Trucks developed a love of Pakistani and East Indian qawwali music, and was moved by the sound of artists like Nusrat Fateh Ali Khan, prompting him to study at the Ali Akbar College of Music in San Rafael, California which is where he learned to play the sarod, leaving lingering strains of Indian music in his guitar work.[24]

While learning to play the sarod, he also found himself schooled in discipline, which in one manifestation, shows in Trucks' posture on stage. He was taught by Khan to focus entirely on his performance, which he attributes to his lack of movement around the stage, where he rarely moves from the same spot for the duration of each song.[6]

Although The Allman Brothers Band turned out several excellent slide players, including Warren Haynes and Dickey Betts, Derek Trucks has been hailed as one of the greatest slide guitarists since Duane Allman.[6][25] In 2007, Trucks was pictured on the cover of Rolling Stone (#1020) in February 2007, along with John Frusciante, guitarist of the Red Hot Chili Peppers, and John Mayer. Named as one of the "New Guitar Gods" and nicknamed by Rolling Stone as "The Jam King", Trucks' signature move, according to John Mayer, is "making the guitar sound like a female singer from like, the '50s or '60s, just belting it out".[23]

Trucks at the Hard Rock Cafe 2009

Asked about his choice of becoming a slide guitarist, Trucks has explained initially, it was because he learned to play at a young age, and that the strings were painful, and his small fingers too tender to adapt quickly, and the slide made it easier for him to advance on the guitar.[26] Once he learned the basics on the guitar, Trucks found only an elite few musicians to pursue the slide guitar above all else. That short list includes Duane Allman, Ry Cooder, Sonny Landreth and, Trucks feels the person to come the closest to be the late Lowell George. Because of this, Trucks sees greater possibilities in taking the sound in a new direction, which has intrigued him.[27]

Trucks uses open tuning, mainly open E[28] – a practice familiar to most other slide players. Duane Allman's bottleneck slide was originally made from a Coricidin bottle, but since such pill bottles are not manufactured anymore, Trucks explained in an NPR interview that the only way to get them is to look for them in antique stores, or buy the re-issues. Trucks has used the use of a replicate of the late Allman's bottleneck slide, made of Dunlop Pyrex to approximate the sound closest to that of Duane Allman.[15]

The sound

Trucks, playing his resonator guitar in 2007

When playing older Allman Brothers material, Trucks sometimes takes parts originally played by Duane Allman, most notably the long slide guitar solo that takes up much of "Dreams". In other cases, there are no direct correlations between what Trucks plays and what previous guitarists in the band have done. Butch Trucks said in 2009, "My nephew is just scary. I have played with a lot of really good guitar players. And with every one of them, I start figuring out what they are going to do [...] even with Duane. There are certain patterns they play that lead to something else and you kind of get used to what they are going to do. After all the years of playing with Derek, I still don't have the faintest idea of what he is going to do. Every time he starts off his solo in "In Memory of Elizabeth Reed", he comes from a different direction. He never does the same thing twice".[29]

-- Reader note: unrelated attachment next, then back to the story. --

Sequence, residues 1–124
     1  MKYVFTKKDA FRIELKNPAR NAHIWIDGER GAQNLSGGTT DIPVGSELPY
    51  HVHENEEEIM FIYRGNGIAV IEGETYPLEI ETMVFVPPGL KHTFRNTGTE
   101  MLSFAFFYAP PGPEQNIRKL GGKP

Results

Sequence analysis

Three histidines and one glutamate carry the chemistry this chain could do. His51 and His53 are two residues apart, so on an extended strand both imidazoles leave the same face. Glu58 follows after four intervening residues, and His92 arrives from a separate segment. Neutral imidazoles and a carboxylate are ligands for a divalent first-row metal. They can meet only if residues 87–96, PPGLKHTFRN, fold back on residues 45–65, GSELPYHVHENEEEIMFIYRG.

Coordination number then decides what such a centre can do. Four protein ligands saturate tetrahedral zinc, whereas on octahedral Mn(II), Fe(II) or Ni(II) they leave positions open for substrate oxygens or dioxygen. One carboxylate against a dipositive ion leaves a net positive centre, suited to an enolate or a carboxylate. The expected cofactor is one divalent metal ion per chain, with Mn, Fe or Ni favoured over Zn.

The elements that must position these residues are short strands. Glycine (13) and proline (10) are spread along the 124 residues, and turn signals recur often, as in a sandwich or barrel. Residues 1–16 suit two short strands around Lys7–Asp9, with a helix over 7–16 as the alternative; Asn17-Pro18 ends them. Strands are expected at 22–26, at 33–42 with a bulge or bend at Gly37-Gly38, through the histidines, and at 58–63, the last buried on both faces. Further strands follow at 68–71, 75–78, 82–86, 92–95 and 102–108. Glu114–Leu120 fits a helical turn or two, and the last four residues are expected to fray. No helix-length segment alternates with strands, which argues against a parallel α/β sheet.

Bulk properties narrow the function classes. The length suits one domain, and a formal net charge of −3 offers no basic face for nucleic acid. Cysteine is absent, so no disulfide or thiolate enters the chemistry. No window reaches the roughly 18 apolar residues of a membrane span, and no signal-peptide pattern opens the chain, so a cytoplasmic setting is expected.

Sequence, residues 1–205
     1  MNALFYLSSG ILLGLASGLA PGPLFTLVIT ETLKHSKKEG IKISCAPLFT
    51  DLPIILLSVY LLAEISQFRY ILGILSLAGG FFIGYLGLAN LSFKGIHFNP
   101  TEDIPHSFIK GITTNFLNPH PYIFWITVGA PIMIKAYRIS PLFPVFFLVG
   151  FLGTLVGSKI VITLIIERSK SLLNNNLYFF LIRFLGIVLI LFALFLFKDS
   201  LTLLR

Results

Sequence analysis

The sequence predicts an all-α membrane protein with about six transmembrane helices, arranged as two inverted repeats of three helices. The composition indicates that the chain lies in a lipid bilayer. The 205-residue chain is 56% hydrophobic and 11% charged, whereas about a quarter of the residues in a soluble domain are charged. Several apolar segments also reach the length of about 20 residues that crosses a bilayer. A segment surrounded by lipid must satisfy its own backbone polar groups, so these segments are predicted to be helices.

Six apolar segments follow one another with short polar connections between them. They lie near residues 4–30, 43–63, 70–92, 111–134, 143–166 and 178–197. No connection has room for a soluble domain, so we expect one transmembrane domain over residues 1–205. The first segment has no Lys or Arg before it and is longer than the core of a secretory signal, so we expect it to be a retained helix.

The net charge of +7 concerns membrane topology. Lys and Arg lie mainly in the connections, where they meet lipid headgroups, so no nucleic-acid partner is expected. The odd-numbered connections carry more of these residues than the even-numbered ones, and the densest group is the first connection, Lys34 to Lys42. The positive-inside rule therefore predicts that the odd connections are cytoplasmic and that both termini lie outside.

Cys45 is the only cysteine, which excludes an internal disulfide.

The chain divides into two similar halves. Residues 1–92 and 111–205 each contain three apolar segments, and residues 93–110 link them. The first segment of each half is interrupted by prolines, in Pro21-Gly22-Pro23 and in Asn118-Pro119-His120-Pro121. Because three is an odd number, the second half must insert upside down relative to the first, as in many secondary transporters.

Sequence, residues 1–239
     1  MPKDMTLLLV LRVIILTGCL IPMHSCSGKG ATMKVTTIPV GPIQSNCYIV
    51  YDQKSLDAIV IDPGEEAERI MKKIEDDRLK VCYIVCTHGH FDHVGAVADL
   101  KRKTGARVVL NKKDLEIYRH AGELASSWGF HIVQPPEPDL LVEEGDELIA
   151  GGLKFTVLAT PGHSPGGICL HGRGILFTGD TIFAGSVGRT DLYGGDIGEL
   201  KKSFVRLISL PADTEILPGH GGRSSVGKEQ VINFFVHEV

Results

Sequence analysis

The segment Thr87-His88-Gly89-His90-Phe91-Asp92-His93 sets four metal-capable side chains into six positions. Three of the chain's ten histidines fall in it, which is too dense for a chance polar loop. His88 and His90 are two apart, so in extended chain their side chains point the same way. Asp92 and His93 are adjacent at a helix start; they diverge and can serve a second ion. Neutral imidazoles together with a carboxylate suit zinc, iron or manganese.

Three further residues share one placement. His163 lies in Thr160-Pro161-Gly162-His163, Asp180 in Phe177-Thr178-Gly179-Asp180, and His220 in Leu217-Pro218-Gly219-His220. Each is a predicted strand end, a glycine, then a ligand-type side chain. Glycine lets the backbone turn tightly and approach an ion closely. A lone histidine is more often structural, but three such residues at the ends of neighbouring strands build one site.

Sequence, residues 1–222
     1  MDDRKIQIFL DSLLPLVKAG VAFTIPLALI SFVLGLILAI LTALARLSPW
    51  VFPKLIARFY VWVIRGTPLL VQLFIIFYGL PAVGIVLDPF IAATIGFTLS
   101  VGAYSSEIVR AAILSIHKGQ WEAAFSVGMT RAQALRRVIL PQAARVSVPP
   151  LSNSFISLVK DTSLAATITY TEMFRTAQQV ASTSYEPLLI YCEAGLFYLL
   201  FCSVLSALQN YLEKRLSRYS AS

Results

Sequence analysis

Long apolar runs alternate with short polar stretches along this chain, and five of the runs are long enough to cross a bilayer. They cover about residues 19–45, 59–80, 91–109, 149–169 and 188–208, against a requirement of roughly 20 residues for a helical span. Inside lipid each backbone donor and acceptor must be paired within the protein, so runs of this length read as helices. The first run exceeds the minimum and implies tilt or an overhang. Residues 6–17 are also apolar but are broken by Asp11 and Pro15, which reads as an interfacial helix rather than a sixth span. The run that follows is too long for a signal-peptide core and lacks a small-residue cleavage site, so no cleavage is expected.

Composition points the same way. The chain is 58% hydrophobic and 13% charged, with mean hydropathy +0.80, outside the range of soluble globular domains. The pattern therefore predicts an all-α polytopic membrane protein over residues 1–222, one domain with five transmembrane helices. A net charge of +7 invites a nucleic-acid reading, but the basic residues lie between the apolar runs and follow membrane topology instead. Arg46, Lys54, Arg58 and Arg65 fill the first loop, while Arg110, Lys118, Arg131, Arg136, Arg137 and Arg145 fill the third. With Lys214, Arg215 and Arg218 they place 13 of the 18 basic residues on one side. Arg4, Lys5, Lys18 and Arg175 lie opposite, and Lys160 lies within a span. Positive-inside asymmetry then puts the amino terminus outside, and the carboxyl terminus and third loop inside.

The Derek Trucks Band plays an eclectic blend of blues, soul, jazz, rock, qawwali music (a genre of music from Pakistan and Eastern India), Latin music, and other kinds of world music, drawing on the wide variety of the different musical influences of each member. The Derek Trucks band, according to one Allmusic reviewer, are a "group of musicians that share a passion for improvisation and musical exploration".[13] Trucks, in a 2002 interview commented that "When you hear people like Coltrane, and the search that he was on, I think that's what it's ultimately about... I heard it on a Sun Ra documentary, he was always talking about making a 'joyful noise'".

Equipment and style

Trucks playing his primary guitar, a Gibson SG

Trucks avoids processing and effects, preferring to get the purest tone possible by connecting his guitar (a modified Gibson USA SG 1961 reissue with factory Vibrola), which has had the tailpiece modified and a stopbar tailpiece installed, directly to his amplifier, a 1965 Fender Super Reverb loaded with four Pyle Driver MH1020 speakers. He modifies his tone with the controls on the guitar.

In early 2006, an equipment trailer with Trucks' gear was stolen. Some of the gear was recovered from a field outside Atlanta, including the 1965 Fender Super Reverb (an amplifier he's been playing with since he was a young boy), a 1968 Super Reverb (one of the backup amps), a Hammond B-3, two Leslie rotating speaker cabinets, a Höhner E-7 Clavinet, and a few other minor items.[10] He said, fortunately, nobody was home at the time, he "was away gigging with the Allmans", so nobody was hurt.

Trucks regularly plays without a pick. He generally plucks or strums (together or independently) with his thumb as well as his index, middle, and ring fingers. An article from The Washington Post describes the sound, saying Trucks "harvests notes and chords that soar, slice and glide, sounding like a cross between Duane Allman on a '61 Gibson Les Paul and John Coltrane on tenor sax".[30] He uses custom gauge DR nickel-wound strings on both his SG and resonator guitars: .011, .014, .017, .026, .036, and .046. Most of his guitars are tuned to open E. Although he still prefers Super Reverbs when playing with the Derek Trucks Band, currently Trucks is playing Paul Reed Smith amplifiers almost exclusively when performing with The Allman Brothers Band.[31]